March 15, 2017

Let there be LEDs

We lost another ceiling fan. That’s the third one to die in under two years. I suspect it’s another issue with the ceiling fan controller. That’s the issue claimed the previous two fans. So we’ll be making our third call to an electrician in less than a year. le sigh. Could be worse I suppose.

There’s a part of me that wonders if the problems we’ve been having may be a wattage issue. We noticed our outside bulbs had a ridiculously short half life until we went with a lower wattage. Could lower wattages help the ceiling fans last longer? Either way, it seems like a good excuse to finally make that switch to LEDs that we’ve been considering.

Of course I first thought of our experience with Hue light strips. I recently learned that Hue is making a line of white bulbs that let you choose the warmth/cool color level of the light which is appealing. You can set the light color temperature to what’s appropriate for time of day or activity, like photography. On the other hand I spent a lot of money on those light strips that are still in the closet, yet to find a good place in our new home. Then there’s the bulb size issue. Hue is coming out with a candelabra/candle but it won’t be available until later this year. Given all the grief I’ve gone with other new to market products, I have lost my desire to be an early adopter to anything. I decided to pass on Hue and it’s customobility… for now.

Instead I went with a lower wattage yellow light LEDs that bathes the room in an inviting glow. It’s not perfect for photography, but as long as the lighting temperature is consistent, I simple white balance adjustment will be fine. I opted to go with replacement bulbs in the recesses fixtures, rather than new recesses fixtures to give me the flexibility to change my mind on the color temperature later.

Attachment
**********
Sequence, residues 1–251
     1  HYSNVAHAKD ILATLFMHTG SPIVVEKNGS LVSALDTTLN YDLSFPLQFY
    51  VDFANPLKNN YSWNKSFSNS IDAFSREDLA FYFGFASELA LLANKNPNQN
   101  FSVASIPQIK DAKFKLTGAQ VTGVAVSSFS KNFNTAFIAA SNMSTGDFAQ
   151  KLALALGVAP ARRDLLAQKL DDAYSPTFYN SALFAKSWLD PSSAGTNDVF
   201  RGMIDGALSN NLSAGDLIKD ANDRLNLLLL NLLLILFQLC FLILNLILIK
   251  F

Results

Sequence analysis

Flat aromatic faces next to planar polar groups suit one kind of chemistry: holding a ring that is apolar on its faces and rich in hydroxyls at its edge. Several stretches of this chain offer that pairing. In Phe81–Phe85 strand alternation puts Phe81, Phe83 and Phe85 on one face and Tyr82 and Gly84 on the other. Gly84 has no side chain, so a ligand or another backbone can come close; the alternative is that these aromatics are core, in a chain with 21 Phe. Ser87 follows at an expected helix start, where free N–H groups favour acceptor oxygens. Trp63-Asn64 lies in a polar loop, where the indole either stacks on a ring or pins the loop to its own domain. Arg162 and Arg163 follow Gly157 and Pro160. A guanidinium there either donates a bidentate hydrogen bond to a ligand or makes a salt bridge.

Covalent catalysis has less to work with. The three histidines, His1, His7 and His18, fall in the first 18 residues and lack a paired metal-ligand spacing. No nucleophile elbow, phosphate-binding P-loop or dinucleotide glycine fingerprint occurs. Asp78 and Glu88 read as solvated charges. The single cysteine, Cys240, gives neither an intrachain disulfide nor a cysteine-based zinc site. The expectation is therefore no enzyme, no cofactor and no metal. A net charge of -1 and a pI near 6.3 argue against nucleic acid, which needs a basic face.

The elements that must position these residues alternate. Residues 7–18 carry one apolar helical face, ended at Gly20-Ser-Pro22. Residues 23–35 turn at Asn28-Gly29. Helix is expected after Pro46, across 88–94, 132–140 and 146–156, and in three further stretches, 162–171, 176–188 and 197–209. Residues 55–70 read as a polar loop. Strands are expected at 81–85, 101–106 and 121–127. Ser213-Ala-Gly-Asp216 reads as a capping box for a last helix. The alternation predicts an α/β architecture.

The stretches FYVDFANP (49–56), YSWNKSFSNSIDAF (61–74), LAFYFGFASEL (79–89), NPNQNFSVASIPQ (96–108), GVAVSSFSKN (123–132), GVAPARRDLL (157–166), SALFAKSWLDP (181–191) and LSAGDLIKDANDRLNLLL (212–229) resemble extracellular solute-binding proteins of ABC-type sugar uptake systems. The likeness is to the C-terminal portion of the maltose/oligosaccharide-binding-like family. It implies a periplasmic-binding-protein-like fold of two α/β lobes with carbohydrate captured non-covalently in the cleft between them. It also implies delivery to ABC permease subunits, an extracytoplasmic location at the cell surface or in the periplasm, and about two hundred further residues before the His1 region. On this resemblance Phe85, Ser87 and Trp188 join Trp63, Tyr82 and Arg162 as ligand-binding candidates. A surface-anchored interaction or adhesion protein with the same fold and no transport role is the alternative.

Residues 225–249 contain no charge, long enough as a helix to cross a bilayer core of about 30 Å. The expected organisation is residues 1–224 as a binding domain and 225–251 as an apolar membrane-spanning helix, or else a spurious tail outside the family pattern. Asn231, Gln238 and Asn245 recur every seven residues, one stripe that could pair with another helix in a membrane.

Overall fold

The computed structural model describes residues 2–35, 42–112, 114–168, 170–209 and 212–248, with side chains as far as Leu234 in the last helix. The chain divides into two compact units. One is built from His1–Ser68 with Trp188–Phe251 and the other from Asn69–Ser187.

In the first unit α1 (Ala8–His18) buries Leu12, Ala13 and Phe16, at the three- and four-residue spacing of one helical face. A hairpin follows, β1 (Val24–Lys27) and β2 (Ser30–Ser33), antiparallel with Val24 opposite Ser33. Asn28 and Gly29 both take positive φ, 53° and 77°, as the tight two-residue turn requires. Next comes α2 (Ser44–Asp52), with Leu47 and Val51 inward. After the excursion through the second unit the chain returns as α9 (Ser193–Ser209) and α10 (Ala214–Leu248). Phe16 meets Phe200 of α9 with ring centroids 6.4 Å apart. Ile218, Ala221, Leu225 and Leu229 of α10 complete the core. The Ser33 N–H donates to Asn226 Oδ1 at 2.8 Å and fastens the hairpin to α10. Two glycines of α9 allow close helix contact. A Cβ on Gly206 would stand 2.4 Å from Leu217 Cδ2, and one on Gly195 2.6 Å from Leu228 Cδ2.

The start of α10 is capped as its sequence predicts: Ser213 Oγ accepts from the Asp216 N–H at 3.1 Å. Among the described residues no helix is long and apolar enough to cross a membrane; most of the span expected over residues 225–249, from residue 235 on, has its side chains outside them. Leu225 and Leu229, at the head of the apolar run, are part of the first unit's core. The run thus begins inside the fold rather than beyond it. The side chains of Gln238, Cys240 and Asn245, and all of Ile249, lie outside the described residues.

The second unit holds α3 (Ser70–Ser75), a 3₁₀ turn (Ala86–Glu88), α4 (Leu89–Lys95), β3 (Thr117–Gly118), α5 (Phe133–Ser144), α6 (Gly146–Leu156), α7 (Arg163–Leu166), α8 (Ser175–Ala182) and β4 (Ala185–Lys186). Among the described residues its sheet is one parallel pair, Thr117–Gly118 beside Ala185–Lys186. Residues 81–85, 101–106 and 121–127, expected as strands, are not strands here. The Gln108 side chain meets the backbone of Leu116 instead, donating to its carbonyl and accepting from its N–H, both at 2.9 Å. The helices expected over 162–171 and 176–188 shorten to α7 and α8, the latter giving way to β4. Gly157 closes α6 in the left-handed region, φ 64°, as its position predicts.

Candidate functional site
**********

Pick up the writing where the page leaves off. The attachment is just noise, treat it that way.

I started with the first floor, candelabra ($2-9 per depending on the shape) for the living room and dinning room and recessed lighting bulbs ($4.28 per bulb) for the kitchen. Hue is more typically $30 a bulb, but can range from $25-50 depending on a number of factors. I paid a lot more than that when the technology was brand new.

As for shopping, there wasn’t much of a selection in brick and mortar stores for the candelabra base. I had one option with each globe shape and couldn’t choose the color warmth. Online offered a way better selection, but prices varied wildly. It can also be really hard to gage whether it’s the right size bulb. It helped that the only non-medium (the standard household bulb base) base I needed was that candelabra.

To keep the price down, I bought in bulk and didn’t worry too much whether I was getting a “low quality” LED. From my research, quality in the LED world corresponds to longevity of the bulb. Even cheap LED are supposed to have something like 10 times the life of traditional bulbs. Good quality LEDs might have twice that life span. Either way, it’ll be a long time before I need to replace any of them. Given that, I set some extremely low price watches on CamelCamelCamel for replacement bulbs. That way I can be thrifty, and prepared at the same time.

Cheaper LED bulbs that last longer and require less energy than traditional bulbs. It’s the hat trick of saving!

One last tip which may sound kind of nutty: I separated my bulbs based on color temperature. Warm light bulbs are on one shelf, cool light bulbs on another. That way I can easily replace a burnt out bulb for another like bulb. I cannot stand mixed warmth lighting.

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